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My husband was one of many children who were evacuated during the last war. He was born in 1939 and lived in North London and as with many other families, his father was serving with the Royal Navy and away from the family home. He was an only child and so at the age of three found himself one day with a gas mask and a suitcase and he and his mother at the nearby railway station on their way ‘up north’ for the duration of the war.
Can you imagine what this must have meant to a young child used to living in London, who had never been to the country before let alone to be going to stay in a small village? After a long journey they arrived in Rawtenstall in Lancashire, where they were allocated to a family who they were to spend the next three years with.
Over the years my husband has often told me about that time, of things that he could remember even though he was only three years old when they went to Rawtenstall. He could clearly remember the house where they had stayed, and that it had been right next door to a lovely park, where his Mother would take him so he could run around and play, something he couldn’t do in London.
He also said that in the park he could remember a big building he was told was a museum, and that just inside the door was a little stuffed elephant in the hallway. He liked to go and look at it and also the stuffed tiger with a snake wrapped around it that was in a big glass cage in one of the rooms. He often described the little town and the farm just across the road from where he was staying and the boy that he became friends with all those years ago.
We kept saying that one day we must make the journey up to Rawtenstall and visit some of the places that he could remember, but you know how it is there is always something else that seems more urgent and then the years go by and still we hadn’t made that trip down memory lane, until this year!
I finally said to Fred lets go for it we haven’t much to go on just the name of the town and your memories (his Mother had passed away so we were unable to ask for help with the families name or the address of the house where they had stayed).
We booked up a B&B and got the map out and set off; when we entered Rawtenstall Fred at first could not get his bearings, remember it was sixty years since he was last there ( perhaps I shouldn’t have mentioned that!) but we drove up and down and finally asked someone where the local park was. As we drove down the road to the park he began to remember and when we turned into the drive there in front of us was the museum, just as he had told me about many times in the past.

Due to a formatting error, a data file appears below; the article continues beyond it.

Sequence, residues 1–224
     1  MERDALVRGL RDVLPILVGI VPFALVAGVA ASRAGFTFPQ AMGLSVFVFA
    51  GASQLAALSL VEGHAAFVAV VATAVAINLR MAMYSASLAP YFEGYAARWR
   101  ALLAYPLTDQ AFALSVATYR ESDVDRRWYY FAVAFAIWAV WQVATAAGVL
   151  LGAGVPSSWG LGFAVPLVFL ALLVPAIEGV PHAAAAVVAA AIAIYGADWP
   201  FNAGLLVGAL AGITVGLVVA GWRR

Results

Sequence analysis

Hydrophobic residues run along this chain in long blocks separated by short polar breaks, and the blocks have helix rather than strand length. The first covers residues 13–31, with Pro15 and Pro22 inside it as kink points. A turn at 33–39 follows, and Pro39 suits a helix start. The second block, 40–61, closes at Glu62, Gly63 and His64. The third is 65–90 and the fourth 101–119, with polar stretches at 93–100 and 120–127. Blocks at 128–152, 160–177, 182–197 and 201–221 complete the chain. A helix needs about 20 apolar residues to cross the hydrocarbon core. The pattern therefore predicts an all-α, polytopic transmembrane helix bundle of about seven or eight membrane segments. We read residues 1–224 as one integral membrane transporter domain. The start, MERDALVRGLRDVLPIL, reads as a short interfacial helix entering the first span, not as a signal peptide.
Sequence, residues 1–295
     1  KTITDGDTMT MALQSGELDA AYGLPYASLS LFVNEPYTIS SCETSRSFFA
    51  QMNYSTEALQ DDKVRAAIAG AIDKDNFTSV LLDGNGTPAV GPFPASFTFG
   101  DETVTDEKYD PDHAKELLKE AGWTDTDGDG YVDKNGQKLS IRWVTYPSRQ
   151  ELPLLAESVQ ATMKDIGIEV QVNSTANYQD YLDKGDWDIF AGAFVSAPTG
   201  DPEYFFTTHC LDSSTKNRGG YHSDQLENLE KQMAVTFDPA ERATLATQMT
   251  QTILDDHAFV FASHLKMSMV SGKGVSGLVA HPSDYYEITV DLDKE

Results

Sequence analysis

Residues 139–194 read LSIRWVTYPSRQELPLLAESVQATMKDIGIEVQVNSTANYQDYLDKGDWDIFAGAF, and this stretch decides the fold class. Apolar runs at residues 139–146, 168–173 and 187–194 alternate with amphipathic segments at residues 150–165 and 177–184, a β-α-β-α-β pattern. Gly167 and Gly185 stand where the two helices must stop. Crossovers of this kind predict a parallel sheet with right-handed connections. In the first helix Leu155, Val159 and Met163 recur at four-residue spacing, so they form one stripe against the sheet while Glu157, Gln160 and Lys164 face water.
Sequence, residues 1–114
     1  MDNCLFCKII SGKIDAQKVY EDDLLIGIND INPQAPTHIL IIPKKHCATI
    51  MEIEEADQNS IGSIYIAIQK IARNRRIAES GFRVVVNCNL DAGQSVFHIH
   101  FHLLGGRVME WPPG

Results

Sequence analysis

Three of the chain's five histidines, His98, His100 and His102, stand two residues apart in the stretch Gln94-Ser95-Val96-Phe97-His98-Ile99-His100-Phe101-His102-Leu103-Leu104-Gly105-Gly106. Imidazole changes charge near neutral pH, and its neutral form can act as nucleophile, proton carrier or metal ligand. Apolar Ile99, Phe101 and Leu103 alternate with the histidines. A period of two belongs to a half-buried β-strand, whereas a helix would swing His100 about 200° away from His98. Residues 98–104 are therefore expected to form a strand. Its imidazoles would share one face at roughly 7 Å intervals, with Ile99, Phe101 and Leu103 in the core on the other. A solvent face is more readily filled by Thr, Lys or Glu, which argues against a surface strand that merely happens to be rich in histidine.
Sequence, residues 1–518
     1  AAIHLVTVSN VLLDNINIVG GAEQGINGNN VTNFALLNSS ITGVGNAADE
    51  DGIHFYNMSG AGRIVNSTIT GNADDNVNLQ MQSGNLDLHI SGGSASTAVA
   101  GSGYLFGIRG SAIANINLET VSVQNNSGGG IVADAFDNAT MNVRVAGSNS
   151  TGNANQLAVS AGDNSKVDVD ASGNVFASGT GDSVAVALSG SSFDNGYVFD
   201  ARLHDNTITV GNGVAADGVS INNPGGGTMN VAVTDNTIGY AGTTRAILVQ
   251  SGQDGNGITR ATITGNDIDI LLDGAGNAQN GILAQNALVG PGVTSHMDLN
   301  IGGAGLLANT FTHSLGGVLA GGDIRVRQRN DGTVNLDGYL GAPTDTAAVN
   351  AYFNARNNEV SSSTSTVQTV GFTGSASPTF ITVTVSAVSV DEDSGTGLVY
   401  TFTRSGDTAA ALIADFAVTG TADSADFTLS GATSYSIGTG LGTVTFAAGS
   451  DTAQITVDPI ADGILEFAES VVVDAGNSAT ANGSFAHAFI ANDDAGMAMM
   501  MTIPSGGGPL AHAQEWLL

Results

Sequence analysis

We were a little unlucky, as it happened to be the early closing day at the museum but we decided to go to explore the roads next to the park to see if we could find the house where he had stayed. We did find the road but the houses had long gone, so we found the local library and in the reference department two very helpful ladies helped us with the aid of an old map to locate the name of the road which was Oak Street, where the houses had once been. We also trawled through some old Electoral Registers hoping that something would help Fred to remember the name of the family he had stayed with. All he could recall was the lady’s name, he’d called her Aunt Tilly and the man was John, and there sure enough we eventually came upon the family, Mathilda Tillotson and John at number 6 Oak Street.
You can imagine how emotional Fred felt with finding this information, and the ladies in the library and me were happy for him that everything was beginning to fall into place; now we just needed to get into the Museum in the park, but that was to be the next morning.
After breakfast the next day we made our way to the park and into the museum, no little elephant greeted us as we entered the hallway and I could sense my husband’s disappointment however we spoke to the lady on reception, explaining about our visit, she listened then directed us down the hall way to the first door on the right - upon entering the room we came face to face with the little stuffed elephant that Fred had talked about. After all these years I must confess that I could hardly believe it and he was quite overcome to think that he had only been three years old and had carried the picture of that little elephant in his memory all these years and there it was, not only that upon making our way around the other displays in the museum we also came upon the stuffed tiger with the snake!
Fred was so pleased that we had made our trip down memory lane and had such luck in ‘laying the ghost of the little elephant’ to rest, the thought of which had haunted him all these years - we thought you’d like to share this story with us.